Marketer, Brand Thyself!

Much of my career has consisted of helping companies develop, establish, promote, and maintain their corporate brand. I love branding! It’s a complex and nuanced subject, equal parts psychology and design. It all reduces to a fairly simple concept, though: reputation. When you see a logo or hear a product name, what do you picture in your mind? How does it make you feel?

A key thing about branding: you aren’t in control of it. The brand exists only in the mind of the recipient. You can do things to influence it, but ultimately, the best way to do that is to create an honest picture that reinforces your strengths. The most trusted brands, and reputations, are the ones that are consistently reinforced by supporting actions.

As we move into the connection economy, we’re now all vendors. And products. As a result, we need to embrace the concept of a personal brand. What’s the concise summary you want people to have in their heads when they meet you, whether online or in person?

While I’ve been successful in helping others to develop their brands, I’ve ironically found it to be very difficult to develop my own. Self-promotion has never been a huge priority for me – I’ve been more focused on promoting the achievements of my teams, colleagues, and clients.

Quote from a friend: The Ray I know doesn't shine through. The writing is more clinical. My recommendation is put a little more of your personality and story telling talents into this.
Is the real you showing?

With the help of many friends and trusted advisors, I’ve been refining my branding elements. My web site is getting back into reasonable shape. The resume undergoes routine refinement and clarification. My social media channels are getting aligned. All of the things I would do for a client, I’m now working on doing for myself. This is a critical effort, because I’m making a lot of first impressions without the benefit of making them in person, and some of the feedback I’ve received indicates that I might not be showing the “real” me very well.

What’s your personal online brand? Is it consistent? Is it clear? What have you done to strengthen it?

What are you looking for?

In April, I let my boss know that I was going to start looking for the next challenge in my career. It was a difficult decision – I work at a great company and with great teams. However, when I looked objectively at what the company most needed, my personal growth and career goals, and the likely opportunities in the next five years, it became clear that the next chapter was upon me.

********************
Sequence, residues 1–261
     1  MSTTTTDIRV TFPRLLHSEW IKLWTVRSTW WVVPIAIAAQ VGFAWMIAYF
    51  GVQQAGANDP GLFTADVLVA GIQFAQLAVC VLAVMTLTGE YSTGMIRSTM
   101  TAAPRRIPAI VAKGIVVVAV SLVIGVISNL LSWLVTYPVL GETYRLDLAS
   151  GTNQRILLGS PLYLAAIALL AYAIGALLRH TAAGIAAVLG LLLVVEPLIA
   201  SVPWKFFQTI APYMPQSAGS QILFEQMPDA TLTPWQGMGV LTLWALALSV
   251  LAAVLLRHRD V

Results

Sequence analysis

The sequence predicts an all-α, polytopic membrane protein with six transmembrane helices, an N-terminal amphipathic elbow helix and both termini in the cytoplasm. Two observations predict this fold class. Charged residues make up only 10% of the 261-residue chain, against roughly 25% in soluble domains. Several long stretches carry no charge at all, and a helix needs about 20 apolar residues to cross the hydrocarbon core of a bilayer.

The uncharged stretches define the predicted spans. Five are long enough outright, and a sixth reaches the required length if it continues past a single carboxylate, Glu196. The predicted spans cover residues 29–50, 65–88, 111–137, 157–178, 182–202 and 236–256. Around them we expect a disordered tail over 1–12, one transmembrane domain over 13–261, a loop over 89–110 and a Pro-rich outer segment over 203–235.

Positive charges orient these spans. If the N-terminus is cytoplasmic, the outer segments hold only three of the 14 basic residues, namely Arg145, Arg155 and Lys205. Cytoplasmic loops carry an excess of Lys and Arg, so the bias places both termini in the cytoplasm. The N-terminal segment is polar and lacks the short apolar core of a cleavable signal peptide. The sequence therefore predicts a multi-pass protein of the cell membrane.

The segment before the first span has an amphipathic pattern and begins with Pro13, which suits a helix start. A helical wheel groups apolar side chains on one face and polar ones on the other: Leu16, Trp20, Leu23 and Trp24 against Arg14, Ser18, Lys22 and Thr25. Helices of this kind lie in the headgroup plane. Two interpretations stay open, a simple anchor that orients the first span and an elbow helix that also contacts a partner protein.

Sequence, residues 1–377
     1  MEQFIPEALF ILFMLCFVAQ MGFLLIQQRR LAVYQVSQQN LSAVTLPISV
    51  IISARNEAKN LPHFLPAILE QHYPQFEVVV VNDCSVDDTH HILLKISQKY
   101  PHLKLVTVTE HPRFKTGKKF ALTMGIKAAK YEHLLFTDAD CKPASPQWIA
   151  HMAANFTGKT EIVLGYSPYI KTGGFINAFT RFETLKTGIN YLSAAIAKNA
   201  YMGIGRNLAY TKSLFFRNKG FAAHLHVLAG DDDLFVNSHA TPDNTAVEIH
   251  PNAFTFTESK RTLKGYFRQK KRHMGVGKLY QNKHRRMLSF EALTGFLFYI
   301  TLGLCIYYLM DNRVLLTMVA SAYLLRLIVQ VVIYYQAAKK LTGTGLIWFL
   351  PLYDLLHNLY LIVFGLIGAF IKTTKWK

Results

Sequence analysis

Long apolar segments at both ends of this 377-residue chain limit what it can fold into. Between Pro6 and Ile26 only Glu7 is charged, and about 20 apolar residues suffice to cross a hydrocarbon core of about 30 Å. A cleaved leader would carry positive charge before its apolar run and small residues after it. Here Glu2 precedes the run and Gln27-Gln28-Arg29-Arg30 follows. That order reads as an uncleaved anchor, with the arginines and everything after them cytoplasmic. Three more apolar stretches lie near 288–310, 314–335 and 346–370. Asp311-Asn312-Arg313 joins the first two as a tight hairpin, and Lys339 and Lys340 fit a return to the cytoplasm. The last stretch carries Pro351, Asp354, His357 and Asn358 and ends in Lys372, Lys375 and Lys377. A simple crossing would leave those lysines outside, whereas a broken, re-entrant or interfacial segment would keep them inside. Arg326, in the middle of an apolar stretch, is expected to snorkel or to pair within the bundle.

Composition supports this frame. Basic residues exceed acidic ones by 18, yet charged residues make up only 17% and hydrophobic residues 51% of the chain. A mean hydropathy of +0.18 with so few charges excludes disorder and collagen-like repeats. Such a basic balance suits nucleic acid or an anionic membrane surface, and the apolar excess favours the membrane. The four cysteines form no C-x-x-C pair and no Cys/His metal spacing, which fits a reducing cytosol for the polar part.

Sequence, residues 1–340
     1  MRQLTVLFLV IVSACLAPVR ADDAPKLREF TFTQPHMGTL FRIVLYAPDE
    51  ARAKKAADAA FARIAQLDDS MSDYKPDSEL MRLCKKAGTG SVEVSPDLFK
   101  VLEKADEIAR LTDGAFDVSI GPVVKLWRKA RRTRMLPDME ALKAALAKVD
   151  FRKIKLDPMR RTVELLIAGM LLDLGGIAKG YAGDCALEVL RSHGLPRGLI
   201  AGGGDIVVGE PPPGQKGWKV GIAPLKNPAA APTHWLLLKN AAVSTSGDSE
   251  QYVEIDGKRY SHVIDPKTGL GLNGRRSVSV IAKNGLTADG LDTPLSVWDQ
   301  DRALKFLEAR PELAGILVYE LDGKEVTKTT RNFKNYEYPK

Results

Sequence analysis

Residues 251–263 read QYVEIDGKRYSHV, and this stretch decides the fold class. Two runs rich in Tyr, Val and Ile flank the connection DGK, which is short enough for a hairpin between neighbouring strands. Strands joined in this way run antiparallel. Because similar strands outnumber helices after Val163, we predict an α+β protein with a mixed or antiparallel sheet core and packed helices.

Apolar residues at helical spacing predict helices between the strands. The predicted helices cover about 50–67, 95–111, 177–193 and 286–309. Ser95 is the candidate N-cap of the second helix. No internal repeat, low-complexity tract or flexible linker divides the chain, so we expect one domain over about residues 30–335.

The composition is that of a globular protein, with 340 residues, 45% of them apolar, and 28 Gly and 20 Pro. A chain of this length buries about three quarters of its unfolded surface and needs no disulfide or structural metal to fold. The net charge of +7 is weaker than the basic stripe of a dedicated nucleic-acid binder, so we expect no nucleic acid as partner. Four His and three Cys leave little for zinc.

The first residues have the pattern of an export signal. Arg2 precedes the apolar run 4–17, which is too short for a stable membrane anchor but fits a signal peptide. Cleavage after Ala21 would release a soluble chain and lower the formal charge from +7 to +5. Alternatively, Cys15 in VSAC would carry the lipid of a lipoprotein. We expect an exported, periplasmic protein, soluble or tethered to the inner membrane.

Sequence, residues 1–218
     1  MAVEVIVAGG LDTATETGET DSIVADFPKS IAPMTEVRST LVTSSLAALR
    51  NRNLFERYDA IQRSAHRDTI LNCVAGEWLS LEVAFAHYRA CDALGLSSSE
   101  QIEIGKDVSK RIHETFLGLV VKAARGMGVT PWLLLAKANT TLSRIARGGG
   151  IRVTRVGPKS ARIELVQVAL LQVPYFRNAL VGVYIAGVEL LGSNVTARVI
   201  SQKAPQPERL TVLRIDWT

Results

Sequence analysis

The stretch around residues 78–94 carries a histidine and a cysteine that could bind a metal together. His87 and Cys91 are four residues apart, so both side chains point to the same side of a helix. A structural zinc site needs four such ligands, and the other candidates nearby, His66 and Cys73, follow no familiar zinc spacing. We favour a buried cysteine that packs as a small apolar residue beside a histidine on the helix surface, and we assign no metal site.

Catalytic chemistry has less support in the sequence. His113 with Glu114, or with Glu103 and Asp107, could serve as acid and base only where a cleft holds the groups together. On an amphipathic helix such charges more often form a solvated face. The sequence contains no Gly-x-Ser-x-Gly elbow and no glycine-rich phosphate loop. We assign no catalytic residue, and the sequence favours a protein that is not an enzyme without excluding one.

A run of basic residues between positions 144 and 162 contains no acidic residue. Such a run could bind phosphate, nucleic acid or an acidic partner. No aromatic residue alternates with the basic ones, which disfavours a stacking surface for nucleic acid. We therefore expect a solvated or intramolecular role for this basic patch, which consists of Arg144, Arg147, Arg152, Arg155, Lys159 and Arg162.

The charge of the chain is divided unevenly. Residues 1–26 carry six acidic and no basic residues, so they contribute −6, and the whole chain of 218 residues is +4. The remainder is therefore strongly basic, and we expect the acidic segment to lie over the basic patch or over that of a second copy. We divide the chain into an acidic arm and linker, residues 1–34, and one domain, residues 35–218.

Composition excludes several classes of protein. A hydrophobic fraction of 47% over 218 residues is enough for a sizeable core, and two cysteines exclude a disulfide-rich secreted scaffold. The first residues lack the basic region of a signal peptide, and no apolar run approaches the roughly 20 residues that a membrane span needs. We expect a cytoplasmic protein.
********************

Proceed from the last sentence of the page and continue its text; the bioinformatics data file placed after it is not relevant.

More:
When you tell someone you’re engaged in a job search, the inevitable question is, “what are you looking for?” Part of my success has been the ability to see many options and possibilities, so answering that question isn’t as easy as it might seem.

In short, though, I

  • want to be part of a team focused on strategy and performance improvement.
  • love to help people / departments / companies find creative ways to solve problems, improve performance, or define strategy.
  • am comfortable supervising and managing teams and departments, but that’s certainly not a requirement. Leadership doesn’t require supervisory responsibilities.
  • find the most engagement and energy when helping others reach their potential, and in planning solutions. Architect more than general contractor.
  • would like to work with a company that’s forward thinking on technology, but am not particular about the industry segment.

Do you know of an opportunity that fits? Let me know!

Energy, Disruption, Fear, and Passion

I’ve just finished up at the Gartner CIO Leadership Forum in Phoenix. While it’s less than three full days, it’s easily the most energizing event I attend. The focus this year was even further in to the future of IT and its rapidly emerging role smack in the middle of the business model, even in segments that don’t think of themselves as technology driven.

Where IT has typically been an operational cost center, it is now quickly and relentlessly becoming a revenue producer and product development hotbed – the companies that don’t adapt to this change will perish or be consumed by more nimble competitors. Disruption is the order of the day, and more than likely it’s not going to come from your current industry.

Amazon providing property and casualty insurance… Facebook getting into healthcare… Google reshaping transit… Sounds silly? Some of it’s already happening. Who would have thought in the 90s that “beleaguered Apple,” perpetually one quarter away from complete demise, would today be responsible for some of the most radical changes to the software, music, entertainment, and communications industries? If one of the digerati even blinks in your direction, it’s too late.

There’s so much potential ahead of us and I’m thrilled to be part of the industry that will drive it. I also am excited that this is happening just as I reach a point in my career where I have the right blend of skills, including ideation, marketing, IT, staff development, and culture building, to make a positive difference. Now to find that mentor who’s under 30.